Or else, what have you been doing all this time?
Summer Vacation Work
My first day of work was technically the second day I was in Japan—which means during Tokyo Orientation and the first week when Enoguchi was driving us around hunting wild cell phones. I think I was actually getting paid for that stuff. That’s why I got a full month’s pay on August 21st, my first pay day.
However, I did start to do real work pretty much right away. My first day at my middle school was Friday, August 3rd.
It was supposed to be our last day of running around getting cell phones and bank cards and the like, but we weren’t able to get everything because we didn’t have our residence cards, so we actually continued that into the next week. But on Friday, at around 1:00, Yoshimura and Enoguchi drove all the new ALTs to their schools.
I was the first one to be dropped off, and I was really nervous. We got to my school, and I was afraid that there would be no English speakers around anymore—so how could I communicate? I still barely knew what my job really was.
We drove up to the school, and Enoguchi got out with me to introduce me to some people—I can’t remember who was there that day—and then he turned to me.
He laughed a little and told me I would be fine, and then he left with everyone. I was led into the teacher’s room and shown my desk.
I think the first person I met was Kamada-sensei, and I think the first thing I did was speech contest practice.
Every year, middle schools (and high schools I think) have English speech contests. Students recite a pre-written skit or story, or they present a speech that they wrote (or that is written for them). The students put a lot of time and effort into the speeches, and it’s very competitive.
My job is to fix the students’ pronunciation so that it sounds like natural English pronunciation. This includes, like, the actual way to say English words—vowels and consonants—and intonation.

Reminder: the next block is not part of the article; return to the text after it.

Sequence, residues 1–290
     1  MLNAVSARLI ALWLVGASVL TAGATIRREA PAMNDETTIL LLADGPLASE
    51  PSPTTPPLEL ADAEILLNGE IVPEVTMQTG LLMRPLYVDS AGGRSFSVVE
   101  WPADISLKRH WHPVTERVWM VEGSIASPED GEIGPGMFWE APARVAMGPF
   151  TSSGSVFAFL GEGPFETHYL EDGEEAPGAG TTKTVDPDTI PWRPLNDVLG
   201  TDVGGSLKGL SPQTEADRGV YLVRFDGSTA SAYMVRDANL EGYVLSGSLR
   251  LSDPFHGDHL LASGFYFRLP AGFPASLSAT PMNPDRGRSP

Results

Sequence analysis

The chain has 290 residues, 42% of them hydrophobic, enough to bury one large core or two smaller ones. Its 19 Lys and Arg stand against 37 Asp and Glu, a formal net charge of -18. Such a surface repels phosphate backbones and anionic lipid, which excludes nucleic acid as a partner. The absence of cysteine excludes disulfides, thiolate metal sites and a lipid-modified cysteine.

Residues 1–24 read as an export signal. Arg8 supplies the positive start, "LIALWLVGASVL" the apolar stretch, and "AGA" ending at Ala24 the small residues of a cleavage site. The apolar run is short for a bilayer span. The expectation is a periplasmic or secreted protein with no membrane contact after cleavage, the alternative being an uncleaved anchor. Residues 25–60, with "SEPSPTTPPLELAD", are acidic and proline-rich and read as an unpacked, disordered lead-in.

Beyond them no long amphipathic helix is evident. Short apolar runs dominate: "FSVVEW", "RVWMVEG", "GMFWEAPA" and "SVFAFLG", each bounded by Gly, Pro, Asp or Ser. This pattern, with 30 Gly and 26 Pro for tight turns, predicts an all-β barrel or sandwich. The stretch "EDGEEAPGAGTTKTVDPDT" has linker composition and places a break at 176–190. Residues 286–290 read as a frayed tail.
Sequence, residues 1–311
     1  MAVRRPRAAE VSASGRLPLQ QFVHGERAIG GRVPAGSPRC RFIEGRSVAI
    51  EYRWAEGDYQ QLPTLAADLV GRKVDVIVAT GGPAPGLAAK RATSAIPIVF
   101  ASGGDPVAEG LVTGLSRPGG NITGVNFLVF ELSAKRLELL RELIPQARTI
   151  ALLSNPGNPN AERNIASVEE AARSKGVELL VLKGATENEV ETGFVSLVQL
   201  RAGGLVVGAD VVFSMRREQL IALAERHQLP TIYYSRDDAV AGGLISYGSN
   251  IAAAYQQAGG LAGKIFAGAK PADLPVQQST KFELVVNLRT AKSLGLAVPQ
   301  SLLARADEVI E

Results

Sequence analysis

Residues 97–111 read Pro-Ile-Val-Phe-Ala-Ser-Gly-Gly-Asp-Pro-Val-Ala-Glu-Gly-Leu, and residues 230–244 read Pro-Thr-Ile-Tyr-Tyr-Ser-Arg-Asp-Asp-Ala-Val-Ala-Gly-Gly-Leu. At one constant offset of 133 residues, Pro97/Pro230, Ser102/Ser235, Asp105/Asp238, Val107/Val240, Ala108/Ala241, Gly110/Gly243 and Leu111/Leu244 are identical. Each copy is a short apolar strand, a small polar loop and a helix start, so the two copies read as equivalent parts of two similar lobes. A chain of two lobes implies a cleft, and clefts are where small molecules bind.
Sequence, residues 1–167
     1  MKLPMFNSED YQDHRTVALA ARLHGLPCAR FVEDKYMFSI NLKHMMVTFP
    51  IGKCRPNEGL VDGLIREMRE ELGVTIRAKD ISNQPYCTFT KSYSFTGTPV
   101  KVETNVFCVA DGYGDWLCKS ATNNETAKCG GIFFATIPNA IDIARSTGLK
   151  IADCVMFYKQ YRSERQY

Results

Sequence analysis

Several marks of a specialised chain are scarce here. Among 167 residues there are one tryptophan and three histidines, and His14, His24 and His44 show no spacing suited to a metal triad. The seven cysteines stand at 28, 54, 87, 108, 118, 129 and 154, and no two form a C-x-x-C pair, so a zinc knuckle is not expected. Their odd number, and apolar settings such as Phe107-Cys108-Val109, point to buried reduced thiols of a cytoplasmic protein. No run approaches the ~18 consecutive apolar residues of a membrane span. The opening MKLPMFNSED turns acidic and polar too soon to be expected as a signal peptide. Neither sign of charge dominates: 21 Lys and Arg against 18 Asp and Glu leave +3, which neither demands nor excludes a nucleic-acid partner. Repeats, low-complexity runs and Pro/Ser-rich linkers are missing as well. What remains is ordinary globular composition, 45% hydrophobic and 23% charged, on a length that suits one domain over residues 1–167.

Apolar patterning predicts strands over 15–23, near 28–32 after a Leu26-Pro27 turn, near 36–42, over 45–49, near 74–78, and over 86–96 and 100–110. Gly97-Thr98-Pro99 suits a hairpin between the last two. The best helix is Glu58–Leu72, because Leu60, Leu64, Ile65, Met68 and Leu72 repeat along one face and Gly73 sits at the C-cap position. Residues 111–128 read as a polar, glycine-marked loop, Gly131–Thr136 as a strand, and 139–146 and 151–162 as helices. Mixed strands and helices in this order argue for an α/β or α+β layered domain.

A lot of people say that sometimes ALTs end up just being a tape recorder, which is an underuse of our abilities, and I can understand why they might say that. A lot of the time, I was just sitting there and sometimes the JTE would ask me to say a sentence so they could hear what it was supposed to sound like. But really, the JTE would have just been doing the same thing… So maybe I’m unnecessary, but at the same time, they do need to hear natural English.
However, I feel like I contributed a little more than that.
The first students I worked with were Yusuke and Harukazu, who are first year students (12 years old, 7th graders in American schools). They are doing a skit about Tom and Jerry—and it’s super cute.
Almost every day since that Friday, I’ve worked with Kamada-sensei, Yusuke, and Harukazu for an hour a day. At first, Harukazu had some trouble with pronunciation and he’s rather shy, I think, so Kamada-sensei took him aside with her often to work with him alone, leaving me with Yusuke.
Since they are only first years, they don’t know much English… though it seems that Harukazu knows more than Yusuke. The first day I met them, Kamada-sensei left them with me and told me to talk to them. I asked them what sports they like—an easy question—and we talked a little about that, but only a little. Harukazu had to translate for Yusuke.
When I was working with Yusuke alone, there was only so much speech practice we both could handle before we got bored. And his pronunciation is pretty good, so by our third day, I initiated a Hangman game.
I love Hangman—I think it’s a fun game. I used to watch Wheel of Fortune a lot when I was a kid, so that’s probably why. I played a few times in college—one time in particular was the last day of my Intro to Creative Writing class. The teacher was late, and we didn’t know if we should leave or not. Some people wanted to leave, and others wanted to stay, but no one wanted to be bored. We workshopped a little, but no one was feeling very motivated (this was a great class—they actually bothered to workshop a little!). So I started a game of Hangman, which kept us entertained for a while until someone checked their phone. The teacher had sent us an e-mail—she was stuck in late afternoon San Francisco traffic (not unlike late afternoon LA traffic), and would be very, very late. So everyone left.
Yusuke and I used words that were from the Tom & Jerry skit script, so it would be easier for him, but later I started to use other easy words (I always told him when I wasn’t using a word from the script). He was always really excited when he got a word, and sometimes he even guessed right away. For example:
e_e_ _ _ _t
He guessed that right away, somehow! It was pretty amazing.
When it was his turn, sometimes he spelled words wrong (he just mixed up r’s and l’s), but he spelled very well otherwise! Even when he wasn’t using words from the script. It was pretty cool.
We also played that game… that is hard to describe. You hold out one finger on each hand and tap the other person’s finger, so they add a finger to that hand until all five fingers are out… and then you lose… I don’t know what it’s called.